The OER Knowledge Cloud makes use of cookies. By continuing, you consent to this use. More information.
Research ethics in emerging forms of online learning: issues arising from a hypothetical study on a MOOC
Esposito, Antonella

JournalThe Electronic Journal of e-Learning
Volume 10, Issue 3, Pages 286-296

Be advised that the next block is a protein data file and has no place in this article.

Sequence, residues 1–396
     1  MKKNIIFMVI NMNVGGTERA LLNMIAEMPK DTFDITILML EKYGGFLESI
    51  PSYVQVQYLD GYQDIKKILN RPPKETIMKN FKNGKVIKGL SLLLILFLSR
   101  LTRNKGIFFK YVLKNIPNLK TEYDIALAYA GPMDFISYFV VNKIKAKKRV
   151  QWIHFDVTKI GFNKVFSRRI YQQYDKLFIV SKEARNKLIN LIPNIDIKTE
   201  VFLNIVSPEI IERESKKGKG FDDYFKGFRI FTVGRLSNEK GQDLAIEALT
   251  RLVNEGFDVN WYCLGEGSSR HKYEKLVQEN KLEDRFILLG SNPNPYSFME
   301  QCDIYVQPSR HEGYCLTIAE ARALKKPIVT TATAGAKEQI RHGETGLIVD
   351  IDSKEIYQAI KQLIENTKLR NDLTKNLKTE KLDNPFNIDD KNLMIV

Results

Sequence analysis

This paper is concerned with how research ethics is evolving along with emerging online research methods and settings. In particular, it focuses on ethics issues implied in a hypothetical virtual ethnography study aiming to gain insights on participants experience in an emergent context of networked learning, namely a MOOC … Massive Online Open Course. A MOOC is a popular type of online open course, that provides free content and expertise to anyone in the world who wishes to enroll. The p urposes of this article are to briefly outline recent debates on online research ethics approaches and then to explore competing views on ethical decision‑making when researching in a globalized, online and open learning setting. Considering the challenge s of this new elearning inquiry context, issues as the underlying research ethics models, the roles of researcher and participants and the integrity of the research process are discussed in their interplay with the evolving ethos of the ethnographical met hodology being adopted to investigate participants views. Elements drawn from a hypothetical design of a qualitative study are here utilized to identify an empirical instance that shapes and is being shaped by research ethics decisions. The study aims to answer the following question: what are the affordances (opportunities and challenges) of online open courses as they emerge from the participants perspectives? This paper considers the potential operationalization of the above research question and d iscusses both theoretical and methodological issues arising from applying research ethics to this specific case of Internet inquiry. In this sense, ethical approaches in online research contexts as well as main ethical decisions are discussed and justifie d, envisioning a submission to an institutional ethics review board before undertaking the ethnographical study. Topics such as privacy concerns in a public online setting, choice between overt and covert research, researcher as observer or participant, n arrow or loosely defined application of the informed consent and anonymity are outlined, presenting a range of different options. This article intends to show that ethical decisions are an iterative procedure and an integral part of the research design pr ocess. Moreover, it endorses the opportunity to produce localized and contextualized ethical decision‑making. To this end, it takes into account the guidance available (research ethics literature; narratives of ethics procedures applied to empirical case s); the ethics debates within the ethnographical tradition and the nature of the setting being researched (the specific format of the networked learning instance being examined). The discussion here proposed orientates ethical decision‑making towards a n overt and participant research approach, an informed consent intended as a public notice and a consideration of participants both as authors in the online setting and as human subjects embedding unexpected privacy sensitiveness. However, such decision s are considered as many starting points to build a research ethics protocol intended to a degree as a work in progress, in a problem‑solving approach guided by the practical wisdom of participants emerging over time.rch has been fertile in producing stud ies on pedagogical change and innovation through technology in Higher Education Institutions, namely the integration of the social media in pedagogical practice. However, there is a lack of studies on the integration of the social media in the particular field of lectures. In this context, commonly practiced, the teacher faces a wide audience and feels the need to activate mechanisms of direct instruction, for reasons of economy of time and because it is the most dominant pedagogical model. As a result th ere is a communication paradigm 1.0 (one‑way communication, one‑to‑many, low or non‑existent interaction). In this study, exploratory and quantitative in nature, an approach to the thematic of the exploration of the social media in order to upgrade the cognitive communication from 1.0 to 2.0 (many‑to‑many, interaction between all the participants) in lectures was made. On the approach to the problem, we explored a PowerPoint presentation with the integration of the micro blogging tool Twitter, as a ba sis for addressing the characteristics of cognitive communication 2.0. For data collection a questionnaire was designed, based on literature, and intended to evaluate several dimensions of the resource used, namely: i) pedagogical issues, ii) technologi cal aspects, iii) cognitive learning; iv) interactions in the classroom; v) positive behavior in the classroom and vi) negative behaviour in the classroom. The results indicate that students recognize the potential of this tool in the dimensions asses sed. Twitter integration in PowerPoint allowed the teacher and the students to read each others views and each had the opportunity to contribute to the debate. It also allowed the release of multiple choice questions to the audience, with answers via Twi tter and projection of results via PowerPoint. This way, a true cognitive communication 2.0 took place.